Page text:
When an eminent Polish Dominican wrote a scathing attack on his country’s government and Church late last month, it brought to a head long-simmering frustrations.

The occasion for Fr Ludwik Wiśniewski’s onslaught, in the weekly Tygodnik Powszechny, was the publication of new data confirming a decline in Mass attendance in this staunchly Catholic country. But it gained a political edge by coinciding with criticisms of the Church’s ties with Poland’s centre-right government, which faces European Union sanctions over a controversial reform programme.

The critique by the 81-year-old priest, dramatically titled Oskarzam (I accuse), was significant because it appeared in a respected Catholic publication and was written by a much-decorated veteran of the Church’s communist-era struggle for human rights.

Last May the Dominican wrote an open letter urging Poland’s bishops to respond more effectively to current challenges. But in Tygodnik Powszechny he said that the situation had since worsened following the release of data showing that Mass attendance is at its lowest level in modern times.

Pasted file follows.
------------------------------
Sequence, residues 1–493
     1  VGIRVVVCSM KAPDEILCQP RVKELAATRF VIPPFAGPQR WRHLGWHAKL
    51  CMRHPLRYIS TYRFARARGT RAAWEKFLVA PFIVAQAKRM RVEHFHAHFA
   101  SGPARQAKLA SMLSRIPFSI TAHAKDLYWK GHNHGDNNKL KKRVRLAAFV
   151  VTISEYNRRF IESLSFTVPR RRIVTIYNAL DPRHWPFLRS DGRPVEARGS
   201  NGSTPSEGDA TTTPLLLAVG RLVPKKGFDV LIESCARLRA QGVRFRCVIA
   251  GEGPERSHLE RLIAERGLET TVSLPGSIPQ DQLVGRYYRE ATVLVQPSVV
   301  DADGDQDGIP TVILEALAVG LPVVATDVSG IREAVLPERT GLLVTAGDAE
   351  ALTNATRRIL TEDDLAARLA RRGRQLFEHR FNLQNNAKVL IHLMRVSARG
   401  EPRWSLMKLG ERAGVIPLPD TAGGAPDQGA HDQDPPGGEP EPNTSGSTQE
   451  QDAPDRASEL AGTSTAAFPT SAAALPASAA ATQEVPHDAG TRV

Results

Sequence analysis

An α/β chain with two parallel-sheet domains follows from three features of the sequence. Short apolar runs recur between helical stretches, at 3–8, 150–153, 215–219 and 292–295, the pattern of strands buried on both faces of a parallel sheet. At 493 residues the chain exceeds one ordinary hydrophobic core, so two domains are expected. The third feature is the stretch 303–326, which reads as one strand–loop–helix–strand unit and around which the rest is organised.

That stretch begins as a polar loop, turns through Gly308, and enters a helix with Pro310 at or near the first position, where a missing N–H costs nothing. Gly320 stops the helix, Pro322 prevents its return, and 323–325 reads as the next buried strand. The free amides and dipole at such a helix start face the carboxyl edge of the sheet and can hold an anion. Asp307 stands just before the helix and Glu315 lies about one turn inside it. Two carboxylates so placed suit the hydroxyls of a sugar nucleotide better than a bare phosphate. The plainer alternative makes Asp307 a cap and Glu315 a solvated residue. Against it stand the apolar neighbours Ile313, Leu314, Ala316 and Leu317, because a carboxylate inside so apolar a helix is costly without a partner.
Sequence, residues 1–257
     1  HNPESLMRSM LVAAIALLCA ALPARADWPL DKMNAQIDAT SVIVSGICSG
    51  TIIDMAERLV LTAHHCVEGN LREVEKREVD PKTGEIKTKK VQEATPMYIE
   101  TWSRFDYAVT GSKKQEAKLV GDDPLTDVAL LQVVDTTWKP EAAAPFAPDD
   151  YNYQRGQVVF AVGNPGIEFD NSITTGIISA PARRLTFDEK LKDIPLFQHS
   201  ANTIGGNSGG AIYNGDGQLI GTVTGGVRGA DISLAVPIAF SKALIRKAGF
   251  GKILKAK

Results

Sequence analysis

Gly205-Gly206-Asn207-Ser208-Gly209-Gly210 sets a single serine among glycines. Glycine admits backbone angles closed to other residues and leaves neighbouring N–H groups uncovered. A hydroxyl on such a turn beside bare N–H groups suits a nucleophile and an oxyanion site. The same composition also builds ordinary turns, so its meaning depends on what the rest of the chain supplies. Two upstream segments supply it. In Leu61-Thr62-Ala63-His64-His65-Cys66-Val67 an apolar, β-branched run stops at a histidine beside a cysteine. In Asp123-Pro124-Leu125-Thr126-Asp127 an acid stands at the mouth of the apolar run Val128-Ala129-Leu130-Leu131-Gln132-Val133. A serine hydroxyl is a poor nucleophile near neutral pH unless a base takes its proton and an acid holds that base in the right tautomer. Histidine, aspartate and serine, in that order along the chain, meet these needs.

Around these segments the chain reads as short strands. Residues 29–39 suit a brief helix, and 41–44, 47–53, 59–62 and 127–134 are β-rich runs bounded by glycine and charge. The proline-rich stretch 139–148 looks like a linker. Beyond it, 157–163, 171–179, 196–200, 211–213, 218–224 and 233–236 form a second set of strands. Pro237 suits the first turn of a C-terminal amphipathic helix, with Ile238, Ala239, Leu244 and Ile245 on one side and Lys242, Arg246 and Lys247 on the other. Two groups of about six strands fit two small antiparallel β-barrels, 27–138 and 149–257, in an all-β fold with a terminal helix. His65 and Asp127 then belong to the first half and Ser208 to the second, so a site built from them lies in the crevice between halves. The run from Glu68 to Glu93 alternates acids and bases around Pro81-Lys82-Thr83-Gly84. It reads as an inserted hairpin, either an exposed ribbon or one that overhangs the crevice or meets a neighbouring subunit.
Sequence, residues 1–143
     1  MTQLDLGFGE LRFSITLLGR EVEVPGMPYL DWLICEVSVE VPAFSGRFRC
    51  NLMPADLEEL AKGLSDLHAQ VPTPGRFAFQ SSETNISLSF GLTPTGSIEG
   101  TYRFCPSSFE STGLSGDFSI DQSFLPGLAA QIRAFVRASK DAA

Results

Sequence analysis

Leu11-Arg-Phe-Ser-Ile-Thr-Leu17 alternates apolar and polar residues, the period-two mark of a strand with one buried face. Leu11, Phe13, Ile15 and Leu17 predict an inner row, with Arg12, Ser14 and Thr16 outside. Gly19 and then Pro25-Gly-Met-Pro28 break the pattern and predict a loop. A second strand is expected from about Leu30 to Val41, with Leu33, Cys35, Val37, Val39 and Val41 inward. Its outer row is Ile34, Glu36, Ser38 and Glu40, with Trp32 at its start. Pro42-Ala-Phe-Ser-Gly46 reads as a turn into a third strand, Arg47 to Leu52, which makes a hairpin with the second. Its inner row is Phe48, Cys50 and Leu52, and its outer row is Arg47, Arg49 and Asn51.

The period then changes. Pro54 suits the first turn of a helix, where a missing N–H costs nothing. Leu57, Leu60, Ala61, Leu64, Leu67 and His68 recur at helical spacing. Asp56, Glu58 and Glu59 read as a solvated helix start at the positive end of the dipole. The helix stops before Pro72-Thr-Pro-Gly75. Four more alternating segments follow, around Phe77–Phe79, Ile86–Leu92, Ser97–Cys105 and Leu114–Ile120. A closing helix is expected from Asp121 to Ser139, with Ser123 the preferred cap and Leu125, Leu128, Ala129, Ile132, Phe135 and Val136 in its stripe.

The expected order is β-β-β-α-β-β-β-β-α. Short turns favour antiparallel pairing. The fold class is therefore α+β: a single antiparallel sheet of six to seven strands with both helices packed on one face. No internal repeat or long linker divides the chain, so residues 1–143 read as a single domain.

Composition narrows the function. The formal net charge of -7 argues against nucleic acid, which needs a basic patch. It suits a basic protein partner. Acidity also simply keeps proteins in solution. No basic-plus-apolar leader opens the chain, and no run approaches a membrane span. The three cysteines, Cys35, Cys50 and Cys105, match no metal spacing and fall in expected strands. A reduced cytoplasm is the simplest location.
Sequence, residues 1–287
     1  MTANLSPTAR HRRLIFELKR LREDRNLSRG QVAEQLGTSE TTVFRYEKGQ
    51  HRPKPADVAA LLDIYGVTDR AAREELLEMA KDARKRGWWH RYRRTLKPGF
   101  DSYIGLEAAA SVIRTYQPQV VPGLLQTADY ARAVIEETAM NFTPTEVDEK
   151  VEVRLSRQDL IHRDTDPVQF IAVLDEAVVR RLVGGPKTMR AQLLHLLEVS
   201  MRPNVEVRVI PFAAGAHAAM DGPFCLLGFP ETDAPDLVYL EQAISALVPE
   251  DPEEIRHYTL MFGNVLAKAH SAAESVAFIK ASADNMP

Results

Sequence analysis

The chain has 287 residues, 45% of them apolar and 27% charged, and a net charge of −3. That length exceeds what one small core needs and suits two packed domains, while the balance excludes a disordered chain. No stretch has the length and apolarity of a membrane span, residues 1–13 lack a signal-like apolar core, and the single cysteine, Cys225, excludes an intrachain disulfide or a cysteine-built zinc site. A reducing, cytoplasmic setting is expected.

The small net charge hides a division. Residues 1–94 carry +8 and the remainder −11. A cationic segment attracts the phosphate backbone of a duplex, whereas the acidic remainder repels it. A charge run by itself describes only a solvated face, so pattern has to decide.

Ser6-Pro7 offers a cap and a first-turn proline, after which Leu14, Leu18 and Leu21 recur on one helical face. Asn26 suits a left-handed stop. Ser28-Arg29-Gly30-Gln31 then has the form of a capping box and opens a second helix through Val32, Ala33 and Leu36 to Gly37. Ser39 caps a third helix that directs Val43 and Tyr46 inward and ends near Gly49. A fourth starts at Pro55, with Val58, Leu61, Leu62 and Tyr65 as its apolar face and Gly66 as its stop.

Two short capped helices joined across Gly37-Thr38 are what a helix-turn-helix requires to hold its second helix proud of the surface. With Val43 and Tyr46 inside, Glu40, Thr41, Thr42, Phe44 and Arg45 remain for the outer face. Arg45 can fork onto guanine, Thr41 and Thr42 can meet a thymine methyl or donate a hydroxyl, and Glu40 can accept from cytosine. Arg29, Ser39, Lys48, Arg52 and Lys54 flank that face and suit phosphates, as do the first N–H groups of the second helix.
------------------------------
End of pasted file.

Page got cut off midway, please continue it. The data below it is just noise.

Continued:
Fr Wiśniewski singled out right-wing parliamentarians who claimed to be devout Catholics while inciting fear of refugees and migrants, as well as Poland’s controversial Redemptorist-run Radio Maryja, which had “for years pumped out hatred and division”.

He also attacked Jarosław Kaczyński, who leads the governing Law and Justice party (PiS), for “promoting enmity and resentment in religious packaging”, and unnamed priests who spent their time “tolerating and praising nationalism”.

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